Sunday, June 12, 2011

the giant's causeway


Sermon Whit Sunday 2011
May my words be in the name of the Holy & undivided Trinity: Father, Son, & Holy Spirit – amen.

My family and I took a week’s holiday in Donegal last week. It was as far north as we had ever been, and we decided it would be a shame not go just a little bit further and visit the Giant’s Causeway in County Antrim. It is, after all, a world heritage site and in any case it was hard to resist the chance to see this famous place where the rock formations are so extraordinary that for thousands of years all who saw them found it impossible to believe that this was a natural phenomenon, but instead was something that must have been built by the giant heroes of the distant past.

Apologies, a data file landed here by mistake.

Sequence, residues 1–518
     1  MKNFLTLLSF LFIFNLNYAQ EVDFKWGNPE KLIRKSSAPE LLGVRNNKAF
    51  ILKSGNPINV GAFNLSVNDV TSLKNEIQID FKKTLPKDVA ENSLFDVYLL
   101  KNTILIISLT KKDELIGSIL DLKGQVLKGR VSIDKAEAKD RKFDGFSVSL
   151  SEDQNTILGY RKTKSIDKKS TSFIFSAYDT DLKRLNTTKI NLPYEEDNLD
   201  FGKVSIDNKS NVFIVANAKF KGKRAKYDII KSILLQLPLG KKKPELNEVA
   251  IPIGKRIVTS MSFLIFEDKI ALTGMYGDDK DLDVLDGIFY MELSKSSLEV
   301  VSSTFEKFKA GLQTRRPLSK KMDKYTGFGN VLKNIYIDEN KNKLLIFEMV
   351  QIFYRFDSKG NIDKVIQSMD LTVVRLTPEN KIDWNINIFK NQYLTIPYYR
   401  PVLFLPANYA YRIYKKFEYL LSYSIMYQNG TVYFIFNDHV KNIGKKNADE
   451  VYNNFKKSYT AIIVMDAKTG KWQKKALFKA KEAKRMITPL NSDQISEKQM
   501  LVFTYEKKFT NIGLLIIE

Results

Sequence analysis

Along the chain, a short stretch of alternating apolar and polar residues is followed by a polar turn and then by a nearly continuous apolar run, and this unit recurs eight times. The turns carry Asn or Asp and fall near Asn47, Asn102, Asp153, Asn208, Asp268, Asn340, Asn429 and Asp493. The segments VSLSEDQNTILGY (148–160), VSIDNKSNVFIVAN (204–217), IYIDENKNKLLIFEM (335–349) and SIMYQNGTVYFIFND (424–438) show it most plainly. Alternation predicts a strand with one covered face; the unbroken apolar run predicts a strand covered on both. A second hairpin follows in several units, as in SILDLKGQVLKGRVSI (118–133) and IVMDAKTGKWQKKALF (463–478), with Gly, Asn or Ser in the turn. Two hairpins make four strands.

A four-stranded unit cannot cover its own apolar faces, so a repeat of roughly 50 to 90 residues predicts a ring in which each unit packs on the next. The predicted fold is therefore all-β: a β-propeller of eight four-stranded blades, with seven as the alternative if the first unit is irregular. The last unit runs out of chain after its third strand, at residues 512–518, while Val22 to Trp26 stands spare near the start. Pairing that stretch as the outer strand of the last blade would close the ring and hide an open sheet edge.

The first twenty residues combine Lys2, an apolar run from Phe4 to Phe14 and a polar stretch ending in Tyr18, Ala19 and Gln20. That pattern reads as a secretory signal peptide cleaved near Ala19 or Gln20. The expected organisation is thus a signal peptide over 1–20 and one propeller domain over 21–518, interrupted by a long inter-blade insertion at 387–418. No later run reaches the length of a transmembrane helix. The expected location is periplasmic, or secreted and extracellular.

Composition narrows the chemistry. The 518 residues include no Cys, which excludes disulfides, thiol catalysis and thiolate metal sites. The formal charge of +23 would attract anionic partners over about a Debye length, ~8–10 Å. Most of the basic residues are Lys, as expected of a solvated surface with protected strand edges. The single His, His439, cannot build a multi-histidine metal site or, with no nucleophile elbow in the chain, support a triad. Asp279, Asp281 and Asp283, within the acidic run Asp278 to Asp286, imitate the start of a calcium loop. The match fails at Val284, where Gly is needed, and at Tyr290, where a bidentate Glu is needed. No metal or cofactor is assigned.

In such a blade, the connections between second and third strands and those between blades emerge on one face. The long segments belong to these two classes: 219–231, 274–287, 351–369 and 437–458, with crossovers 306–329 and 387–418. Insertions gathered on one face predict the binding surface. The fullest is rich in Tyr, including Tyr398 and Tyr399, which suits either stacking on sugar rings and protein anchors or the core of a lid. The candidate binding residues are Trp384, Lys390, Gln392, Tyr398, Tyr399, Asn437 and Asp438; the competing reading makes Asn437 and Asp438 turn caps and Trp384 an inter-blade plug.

It was about a three hour drive from where we were staying so we had to make a day of it and get an early start. The weather was miserable – overcast, chilly, with a lot of heavy rain-showers –so you can imagine that the car journey was a bit tedious even though we took the scenic coastal route … because with all the rain it was rather difficult to see the scenery! When we arrived the rain was torrential; so we decided to have our picnic in the car and hope for a break in the weather before chancing the half mile walk down.
By the time we had finished eating the rain had slowed to a drizzle. So it was on with the wellies and the rain coats – and with four boys you can imagine this was proceeded by the usual protests of ‘I don’t need wellies’ and ‘I don’t need a raincoat’; which was met with the usual parental reply of ‘if you don’t put them on then you’re not going’ - and off down the steep path.